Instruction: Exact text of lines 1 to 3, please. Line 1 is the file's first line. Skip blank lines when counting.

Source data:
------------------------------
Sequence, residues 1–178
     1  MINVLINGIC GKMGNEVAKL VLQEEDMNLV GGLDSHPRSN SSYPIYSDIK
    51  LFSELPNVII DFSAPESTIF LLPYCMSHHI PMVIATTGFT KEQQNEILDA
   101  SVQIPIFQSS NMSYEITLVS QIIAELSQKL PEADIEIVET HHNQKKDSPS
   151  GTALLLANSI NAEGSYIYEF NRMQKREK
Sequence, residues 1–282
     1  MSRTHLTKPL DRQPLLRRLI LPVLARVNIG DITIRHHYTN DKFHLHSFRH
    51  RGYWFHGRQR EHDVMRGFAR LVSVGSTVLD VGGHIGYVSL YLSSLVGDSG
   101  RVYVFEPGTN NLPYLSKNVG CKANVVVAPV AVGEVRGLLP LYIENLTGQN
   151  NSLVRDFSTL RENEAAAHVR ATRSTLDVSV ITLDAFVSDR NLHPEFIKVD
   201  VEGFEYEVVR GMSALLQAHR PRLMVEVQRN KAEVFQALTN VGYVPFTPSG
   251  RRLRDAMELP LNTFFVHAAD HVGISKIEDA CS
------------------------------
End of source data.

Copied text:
Sequence, residues 1–178
     1  MINVLINGIC GKMGNEVAKL VLQEEDMNLV GGLDSHPRSN SSYPIYSDIK
    51  LFSELPNVII DFSAPESTIF LLPYCMSHHI PMVIATTGFT KEQQNEILDA